Prison staff at a number of the country's jails look set to lose their jobs when a new privately run facility at Wiri near Auckland replaces several older jails.
Prime Minister John Key confirmed this morning that a number of older prisons would close, but stopped short of saying which ones or how many.
"We're going through the process of talking to the unions that are involved.''
Mr Key told Newstalk ZB that the financial impact the closures would have on local communities had been considered, but that overall it was in the best interests of the justice system not to keep them going.
Yesterday, stuff.co.nz reported:
Wellington's Mount Crawford Prison and prisons at New Plymouth and Invercargill are expected to close.
Wellington prison employs 35 officers, has a capacity of 120 minimum to high security men and was established in 1927. New Plymouth Prison employs 65 officers and accommodates 112 minimum to high-medium security prisoners. It was originally an army hospital in the 1860s that was converted to a prison later that decade. Invercargill prison employs 75 custodial staff with a capacity of 180 minimum to low-medium male prisoners and was first established in 1910 and run as a borstal until 1981.
So that's at least 175 definite jobs for the chop and who knows how many support staff with 412 prisoners relocated to the yet to be built prison in Auckland that will be able to detain 1060 people. Don't get me wrong, I'm all for old prisons closing, but the alternative National is offering leaves much to be desired.
Yesterday, No Right Turn reported:
So, having signed contracts for a private prison in Auckland, the government is now busy creating a guaranteed market for it, by closing down regional prisons. This way, they can shuffle those prisoners off to Auckland, pay their crony-contractor Serco to handle them, and wait for the corrupt political donations to roll in.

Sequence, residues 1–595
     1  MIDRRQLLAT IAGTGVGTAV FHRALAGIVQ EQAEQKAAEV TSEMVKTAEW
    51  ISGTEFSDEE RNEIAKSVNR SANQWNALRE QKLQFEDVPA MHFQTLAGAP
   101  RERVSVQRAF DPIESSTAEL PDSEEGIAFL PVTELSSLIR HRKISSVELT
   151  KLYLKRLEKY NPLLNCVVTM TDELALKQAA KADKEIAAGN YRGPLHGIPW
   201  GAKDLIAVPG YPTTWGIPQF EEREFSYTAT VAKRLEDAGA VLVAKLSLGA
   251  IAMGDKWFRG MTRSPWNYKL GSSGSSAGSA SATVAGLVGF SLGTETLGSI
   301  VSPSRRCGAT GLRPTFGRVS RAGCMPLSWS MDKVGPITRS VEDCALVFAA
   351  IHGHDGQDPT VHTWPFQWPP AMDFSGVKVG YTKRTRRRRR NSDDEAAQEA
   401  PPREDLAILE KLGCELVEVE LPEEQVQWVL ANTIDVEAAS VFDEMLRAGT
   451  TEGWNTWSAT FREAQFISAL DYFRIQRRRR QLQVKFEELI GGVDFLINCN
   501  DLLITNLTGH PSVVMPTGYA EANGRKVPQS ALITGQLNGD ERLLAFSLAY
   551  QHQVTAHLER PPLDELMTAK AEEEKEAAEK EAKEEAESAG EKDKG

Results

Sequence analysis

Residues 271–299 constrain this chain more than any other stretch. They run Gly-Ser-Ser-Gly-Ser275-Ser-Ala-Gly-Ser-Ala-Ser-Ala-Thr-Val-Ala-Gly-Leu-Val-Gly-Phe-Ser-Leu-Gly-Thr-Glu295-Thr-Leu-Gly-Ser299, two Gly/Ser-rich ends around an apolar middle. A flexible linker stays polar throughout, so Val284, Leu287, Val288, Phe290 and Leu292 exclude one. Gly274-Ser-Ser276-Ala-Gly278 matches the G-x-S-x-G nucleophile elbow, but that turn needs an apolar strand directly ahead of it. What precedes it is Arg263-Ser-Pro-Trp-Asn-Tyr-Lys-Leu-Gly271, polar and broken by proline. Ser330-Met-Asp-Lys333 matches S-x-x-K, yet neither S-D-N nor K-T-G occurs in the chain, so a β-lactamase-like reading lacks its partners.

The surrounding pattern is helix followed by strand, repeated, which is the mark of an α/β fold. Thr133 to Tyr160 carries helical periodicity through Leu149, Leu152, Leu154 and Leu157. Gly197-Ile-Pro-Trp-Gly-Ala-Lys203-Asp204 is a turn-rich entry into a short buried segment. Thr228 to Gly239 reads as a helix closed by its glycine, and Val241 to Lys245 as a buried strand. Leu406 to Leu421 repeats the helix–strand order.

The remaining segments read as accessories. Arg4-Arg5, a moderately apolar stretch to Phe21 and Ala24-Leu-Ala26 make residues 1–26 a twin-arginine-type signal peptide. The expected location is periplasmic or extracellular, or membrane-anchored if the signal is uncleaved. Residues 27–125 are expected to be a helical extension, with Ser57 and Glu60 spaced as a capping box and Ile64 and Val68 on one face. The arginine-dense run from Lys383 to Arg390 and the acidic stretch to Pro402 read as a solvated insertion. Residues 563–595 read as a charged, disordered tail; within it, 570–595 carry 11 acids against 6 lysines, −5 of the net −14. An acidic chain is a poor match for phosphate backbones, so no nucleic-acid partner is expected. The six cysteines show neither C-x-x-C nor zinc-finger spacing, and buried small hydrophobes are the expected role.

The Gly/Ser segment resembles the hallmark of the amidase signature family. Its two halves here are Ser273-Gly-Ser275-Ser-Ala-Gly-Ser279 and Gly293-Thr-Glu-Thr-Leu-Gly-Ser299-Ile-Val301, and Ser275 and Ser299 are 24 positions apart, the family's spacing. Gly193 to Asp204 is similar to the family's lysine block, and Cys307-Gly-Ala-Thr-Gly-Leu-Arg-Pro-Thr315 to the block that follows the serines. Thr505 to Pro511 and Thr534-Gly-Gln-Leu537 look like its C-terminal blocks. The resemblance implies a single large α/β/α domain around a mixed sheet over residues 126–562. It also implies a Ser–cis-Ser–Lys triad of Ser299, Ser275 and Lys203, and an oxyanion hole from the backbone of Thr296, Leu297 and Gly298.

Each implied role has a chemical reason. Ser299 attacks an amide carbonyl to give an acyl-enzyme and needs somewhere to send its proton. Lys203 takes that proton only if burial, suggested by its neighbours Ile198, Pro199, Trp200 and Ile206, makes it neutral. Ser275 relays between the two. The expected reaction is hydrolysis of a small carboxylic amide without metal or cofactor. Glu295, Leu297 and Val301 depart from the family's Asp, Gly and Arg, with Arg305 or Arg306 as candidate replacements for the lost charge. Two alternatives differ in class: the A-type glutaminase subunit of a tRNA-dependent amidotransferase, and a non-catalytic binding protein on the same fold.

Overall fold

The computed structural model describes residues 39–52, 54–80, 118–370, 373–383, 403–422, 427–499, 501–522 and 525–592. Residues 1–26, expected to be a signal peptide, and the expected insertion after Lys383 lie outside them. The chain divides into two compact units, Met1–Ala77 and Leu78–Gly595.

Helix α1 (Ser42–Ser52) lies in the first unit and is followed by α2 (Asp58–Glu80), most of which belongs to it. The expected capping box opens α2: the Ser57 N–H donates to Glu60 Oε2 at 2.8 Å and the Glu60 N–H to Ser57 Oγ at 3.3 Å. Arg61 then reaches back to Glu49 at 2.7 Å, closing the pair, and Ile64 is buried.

The corruption exhibited by National concerning their promotion of privatized prisons could not be starker. But the main problem is that there will be no overall benefit to the justice system at all. It will in fact be detrimental to the rehabilitation and reintegration of prisoners, something Labour Justice spokesman, Charles Chauvel hints at:
Prison beds are still needed, and smaller institutions, spread across New Zealand, are better than mega-facilities concentrated in a few centres. These reasons include risk management and rehabilitation, as well as their contribution to regional economies,'' Mr Chauvel said.
Why are regional prisons better than a think big prison you might ask? The main reason is that prisoners will become even more detached from their families by being relocated to Wiri, making it harder to develop good relationships and mend family ties. These things are an all important part of the rehabilitation process.
National is simply putting extra costs on those least able to afford it and setting back the progressive Regional Prisons Policy decades:
One of the aims of the project to build new prisons was to implement the Department’s Regional Prisons Policy. This policy was developed in 1997 and was based on research which suggests that locating prisoners as near to their home area as possible improves the chances of successful reintegration into society and reduces re-offending rates.
So does National have any intention of actually trying to decrease reoffending or are they just interested in jobs for the boys? Building Wiri is most definitely not in the best interests of the justice system, although it's obviously in the best interest of Fletchers, Serco and National's coffers.